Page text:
Being bilingual keeps Alzheimer’s and related dementia at bay, says report

New research suggests that speaking more than one language may delay the onset of different types of dementia.  In fact, say investigators, bilingualism appears to be more important than the level of education in warding off dementias.

In a study carried out in India, researchers assessed the effect of bilingualism in delaying the onset of Alzheimer’s disease, frontotemporal dementia, which tends to strike people at a younger age, vascular dementia, Lewy bodies dementia and mixed dementias.  Nearly 650 people with an average age of 66 were studied, and 240 suffered from Alzheimer’s disease, the most common form of mental decline.

Some 391 of the participants spoke two or more languages.  Investigators found the dementias began about four-and-a-half years later in those who were bilingual compared to those who only spoke only one language.  The volunteers’ level of education had no effect on the outcome.

Co-author Thomas Bak of the Center of Cognitive Aging at the University of Edinburgh in Scotland speculates that those who are fluent in more than one language train their brains by switching back and forth between different words and expressions.

Bok said he believes this concentration improves so-called executive functioning or attention to tasks, which tends to decline in people with dementias.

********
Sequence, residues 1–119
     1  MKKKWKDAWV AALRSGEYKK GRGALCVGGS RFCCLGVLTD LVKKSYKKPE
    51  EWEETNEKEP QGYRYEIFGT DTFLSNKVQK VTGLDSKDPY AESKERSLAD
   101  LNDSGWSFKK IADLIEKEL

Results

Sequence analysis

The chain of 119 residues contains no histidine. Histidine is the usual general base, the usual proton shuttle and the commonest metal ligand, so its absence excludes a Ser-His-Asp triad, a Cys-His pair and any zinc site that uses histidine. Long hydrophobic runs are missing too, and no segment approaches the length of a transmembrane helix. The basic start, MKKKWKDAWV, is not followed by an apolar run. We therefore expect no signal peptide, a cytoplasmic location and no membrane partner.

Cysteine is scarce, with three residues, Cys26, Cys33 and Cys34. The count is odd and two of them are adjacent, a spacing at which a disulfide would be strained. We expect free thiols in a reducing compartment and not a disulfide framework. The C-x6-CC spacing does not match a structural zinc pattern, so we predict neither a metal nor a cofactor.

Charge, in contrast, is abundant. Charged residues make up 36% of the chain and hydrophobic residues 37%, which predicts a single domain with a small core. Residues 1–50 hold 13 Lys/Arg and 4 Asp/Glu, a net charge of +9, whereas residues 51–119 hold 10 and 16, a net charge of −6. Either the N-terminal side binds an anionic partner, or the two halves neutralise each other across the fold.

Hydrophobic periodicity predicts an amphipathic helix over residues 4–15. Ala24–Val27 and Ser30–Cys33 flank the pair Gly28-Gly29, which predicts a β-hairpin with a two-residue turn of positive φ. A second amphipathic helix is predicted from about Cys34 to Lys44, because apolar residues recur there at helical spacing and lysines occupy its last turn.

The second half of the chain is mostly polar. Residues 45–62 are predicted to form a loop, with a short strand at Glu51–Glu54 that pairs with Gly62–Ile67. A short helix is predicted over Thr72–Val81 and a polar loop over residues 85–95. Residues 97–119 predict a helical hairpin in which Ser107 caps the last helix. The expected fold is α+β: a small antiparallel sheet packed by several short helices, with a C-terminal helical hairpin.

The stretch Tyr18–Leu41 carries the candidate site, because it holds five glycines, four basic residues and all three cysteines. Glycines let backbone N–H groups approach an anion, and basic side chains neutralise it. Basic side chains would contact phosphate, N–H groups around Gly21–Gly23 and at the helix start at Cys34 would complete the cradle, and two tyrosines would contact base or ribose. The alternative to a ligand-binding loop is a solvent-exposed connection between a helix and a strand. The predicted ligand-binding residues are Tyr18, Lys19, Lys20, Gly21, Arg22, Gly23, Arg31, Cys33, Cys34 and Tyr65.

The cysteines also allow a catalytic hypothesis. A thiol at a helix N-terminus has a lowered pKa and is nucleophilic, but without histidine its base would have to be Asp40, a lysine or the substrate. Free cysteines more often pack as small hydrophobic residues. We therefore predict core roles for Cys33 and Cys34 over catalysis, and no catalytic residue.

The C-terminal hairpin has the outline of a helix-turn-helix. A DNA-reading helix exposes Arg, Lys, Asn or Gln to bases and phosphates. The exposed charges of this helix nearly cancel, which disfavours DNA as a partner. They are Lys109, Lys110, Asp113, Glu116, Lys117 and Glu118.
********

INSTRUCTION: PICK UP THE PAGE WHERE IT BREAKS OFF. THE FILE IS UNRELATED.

“I am suppressing the other languages.  So it means I have to be always active, selectively activating things.  And we believe that because this attention mechanism is important in different types of dementia, that is why we find this effect in different types of dementia,” said Bak.

Researchers found there was no benefit in speaking more than two languages.  They also did not see a delay in the onset of Lewy bodies dementia, a progressive form of mental illness that causes hallucinations and causes sufferers to fluctuate back and forth between alertness and periods of drowsiness.

To reap the benefits, Bak says it does not appear to matter whether you learn a language at a young age or later in life.

“So it’s not something you sort of say that you missed the boat when you do not do it as a baby. It is something that is still quite useful and powerful when you do it as an adult,” he said. Scientists found that the benefits of bilingualism in delaying the onset of dementia occurred even in uneducated subjects.

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